3. Duct tape. Although findings have been mixed, anecdotal evidence suggests that this low-risk, low-tech approach may be worth a try. In one study comparing duct tape with cryotherapy, subjects wore duct tape patches over their warts for six days. Then they removed the patches, soaked and filed the warts, left them uncovered overnight, and reapplied the tape in the morning, leaving them in place for another six days. They followed this regimen for two months or until the wart disappeared. In this study, duct tape was about 45% more effective than cryotherapy. Two other studies found no benefit, but those studies used clear duct tape rather than the standard silver type, which is stickier and has a different kind of adhesive. Given this limited evidence, if you plan to try duct tape, it makes sense to use the silver kind. Why duct tape works isn’t clear — it may deprive the wart of oxygen, or perhaps dead skin and viral particles are removed along with the tape. Some people apply salicylic acid before covering the wart with duct tape.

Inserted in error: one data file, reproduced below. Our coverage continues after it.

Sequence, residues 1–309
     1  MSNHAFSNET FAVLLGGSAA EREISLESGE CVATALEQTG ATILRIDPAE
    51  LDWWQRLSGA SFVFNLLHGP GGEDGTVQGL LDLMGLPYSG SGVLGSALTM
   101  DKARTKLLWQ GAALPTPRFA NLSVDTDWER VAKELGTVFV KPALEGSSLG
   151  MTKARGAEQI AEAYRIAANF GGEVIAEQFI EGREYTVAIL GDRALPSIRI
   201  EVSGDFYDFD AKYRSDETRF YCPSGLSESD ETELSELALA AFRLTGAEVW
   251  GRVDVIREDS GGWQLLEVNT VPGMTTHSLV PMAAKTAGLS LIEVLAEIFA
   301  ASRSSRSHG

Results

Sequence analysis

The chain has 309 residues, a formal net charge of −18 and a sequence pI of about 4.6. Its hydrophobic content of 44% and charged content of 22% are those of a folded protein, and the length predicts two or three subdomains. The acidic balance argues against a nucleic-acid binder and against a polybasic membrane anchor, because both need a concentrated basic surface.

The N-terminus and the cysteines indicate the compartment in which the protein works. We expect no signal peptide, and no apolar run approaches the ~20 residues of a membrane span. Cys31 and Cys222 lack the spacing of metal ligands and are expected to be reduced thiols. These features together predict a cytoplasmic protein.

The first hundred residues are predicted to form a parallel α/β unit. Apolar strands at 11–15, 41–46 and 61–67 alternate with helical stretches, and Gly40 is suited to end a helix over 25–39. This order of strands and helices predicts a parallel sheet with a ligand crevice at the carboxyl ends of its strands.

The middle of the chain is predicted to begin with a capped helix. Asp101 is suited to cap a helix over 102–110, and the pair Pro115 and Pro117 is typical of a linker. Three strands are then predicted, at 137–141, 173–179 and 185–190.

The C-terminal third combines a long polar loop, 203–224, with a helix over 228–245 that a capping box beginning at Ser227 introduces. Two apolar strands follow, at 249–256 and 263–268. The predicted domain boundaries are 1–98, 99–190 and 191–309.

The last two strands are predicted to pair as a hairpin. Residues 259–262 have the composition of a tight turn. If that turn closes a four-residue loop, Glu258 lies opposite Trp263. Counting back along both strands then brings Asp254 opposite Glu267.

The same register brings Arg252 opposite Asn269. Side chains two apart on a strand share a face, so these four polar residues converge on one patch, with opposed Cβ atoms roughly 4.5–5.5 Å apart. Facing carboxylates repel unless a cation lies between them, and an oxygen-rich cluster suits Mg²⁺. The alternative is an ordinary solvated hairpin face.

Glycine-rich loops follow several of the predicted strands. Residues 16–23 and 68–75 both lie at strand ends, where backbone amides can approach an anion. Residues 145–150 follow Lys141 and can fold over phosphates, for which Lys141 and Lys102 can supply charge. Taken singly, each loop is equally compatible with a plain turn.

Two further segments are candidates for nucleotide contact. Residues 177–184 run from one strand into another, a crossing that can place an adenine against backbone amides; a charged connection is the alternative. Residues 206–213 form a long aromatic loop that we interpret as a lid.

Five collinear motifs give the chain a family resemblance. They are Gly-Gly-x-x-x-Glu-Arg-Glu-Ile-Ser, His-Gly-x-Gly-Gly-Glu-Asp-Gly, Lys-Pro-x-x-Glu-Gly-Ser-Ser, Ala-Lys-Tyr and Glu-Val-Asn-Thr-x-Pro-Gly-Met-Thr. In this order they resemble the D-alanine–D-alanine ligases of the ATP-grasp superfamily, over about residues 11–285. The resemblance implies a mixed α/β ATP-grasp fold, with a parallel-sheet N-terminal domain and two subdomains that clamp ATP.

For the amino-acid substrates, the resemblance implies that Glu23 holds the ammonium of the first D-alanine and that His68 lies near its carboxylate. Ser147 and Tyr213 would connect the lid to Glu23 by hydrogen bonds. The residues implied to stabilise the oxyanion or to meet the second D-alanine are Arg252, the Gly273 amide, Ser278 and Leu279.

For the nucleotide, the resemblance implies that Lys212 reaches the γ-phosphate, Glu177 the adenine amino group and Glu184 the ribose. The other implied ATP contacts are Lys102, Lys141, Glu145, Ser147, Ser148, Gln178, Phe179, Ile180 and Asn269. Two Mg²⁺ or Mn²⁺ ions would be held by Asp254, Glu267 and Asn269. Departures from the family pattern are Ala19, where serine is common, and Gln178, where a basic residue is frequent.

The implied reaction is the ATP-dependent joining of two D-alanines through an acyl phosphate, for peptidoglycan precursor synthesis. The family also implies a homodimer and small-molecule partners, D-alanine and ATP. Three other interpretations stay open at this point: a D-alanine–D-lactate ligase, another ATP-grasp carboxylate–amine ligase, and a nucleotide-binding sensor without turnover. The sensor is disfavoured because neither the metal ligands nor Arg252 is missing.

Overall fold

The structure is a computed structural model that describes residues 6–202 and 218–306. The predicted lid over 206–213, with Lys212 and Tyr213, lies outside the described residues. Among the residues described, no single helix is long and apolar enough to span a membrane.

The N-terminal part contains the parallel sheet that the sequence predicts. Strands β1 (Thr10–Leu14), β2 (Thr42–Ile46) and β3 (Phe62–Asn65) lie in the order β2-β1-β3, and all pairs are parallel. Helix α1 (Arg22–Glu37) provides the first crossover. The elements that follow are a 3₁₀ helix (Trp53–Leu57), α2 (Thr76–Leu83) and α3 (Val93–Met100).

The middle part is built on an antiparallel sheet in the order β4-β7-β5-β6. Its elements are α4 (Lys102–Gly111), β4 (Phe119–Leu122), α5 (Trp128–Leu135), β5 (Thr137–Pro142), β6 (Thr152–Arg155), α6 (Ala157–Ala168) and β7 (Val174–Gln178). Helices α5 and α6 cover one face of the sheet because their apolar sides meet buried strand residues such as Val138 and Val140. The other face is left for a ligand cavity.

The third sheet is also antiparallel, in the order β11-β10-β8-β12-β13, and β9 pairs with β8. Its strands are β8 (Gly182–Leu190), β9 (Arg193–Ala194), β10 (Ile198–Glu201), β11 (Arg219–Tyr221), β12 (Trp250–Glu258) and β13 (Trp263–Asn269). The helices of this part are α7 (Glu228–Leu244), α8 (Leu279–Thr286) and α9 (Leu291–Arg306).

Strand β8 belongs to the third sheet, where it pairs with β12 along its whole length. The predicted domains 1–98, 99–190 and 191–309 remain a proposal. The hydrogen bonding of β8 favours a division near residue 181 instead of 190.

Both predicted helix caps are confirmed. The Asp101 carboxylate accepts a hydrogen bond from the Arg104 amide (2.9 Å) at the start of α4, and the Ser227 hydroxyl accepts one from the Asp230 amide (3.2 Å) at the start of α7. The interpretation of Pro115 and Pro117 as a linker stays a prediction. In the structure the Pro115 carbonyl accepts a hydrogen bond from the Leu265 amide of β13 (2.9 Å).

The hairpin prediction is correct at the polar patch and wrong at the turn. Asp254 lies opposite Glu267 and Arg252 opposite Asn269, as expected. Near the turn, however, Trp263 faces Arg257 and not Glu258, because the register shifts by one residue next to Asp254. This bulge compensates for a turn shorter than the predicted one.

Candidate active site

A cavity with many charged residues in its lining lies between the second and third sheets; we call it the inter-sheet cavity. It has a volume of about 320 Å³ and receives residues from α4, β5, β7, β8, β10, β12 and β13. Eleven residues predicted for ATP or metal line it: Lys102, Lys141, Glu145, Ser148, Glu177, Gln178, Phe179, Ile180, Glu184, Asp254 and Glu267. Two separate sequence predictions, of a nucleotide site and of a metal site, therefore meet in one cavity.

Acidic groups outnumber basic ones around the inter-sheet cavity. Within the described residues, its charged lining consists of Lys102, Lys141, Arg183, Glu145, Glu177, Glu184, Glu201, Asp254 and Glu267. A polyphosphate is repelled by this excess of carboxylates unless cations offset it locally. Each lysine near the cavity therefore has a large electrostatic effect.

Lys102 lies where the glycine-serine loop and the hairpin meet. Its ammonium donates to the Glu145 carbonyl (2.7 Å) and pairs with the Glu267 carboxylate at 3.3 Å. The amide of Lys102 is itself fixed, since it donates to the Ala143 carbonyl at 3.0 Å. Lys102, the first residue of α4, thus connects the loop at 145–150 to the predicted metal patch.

4. Other agents. Warts that don’t respond to standard therapies may be treated with prescription drugs. The topical immunotherapy drug imiquimod (Aldara), a standard therapy for genital warts, can also be used to treat skin warts. Imiquimod is thought to work by causing an allergic response and irritation at the site of the wart. In an approach called intralesional immunotherapy, the wart is injected with a skin-test antigen (such as for mumps or Candida) in people who have demonstrated an immune response to the antigen. Other agents that may be used to treat recalcitrant warts are the chemotherapy drugs fluorouracil (5-FU), applied as a cream, and bleomycin, which is injected into the wart. All these treatments have side effects, and the evidence for their effectiveness is limited.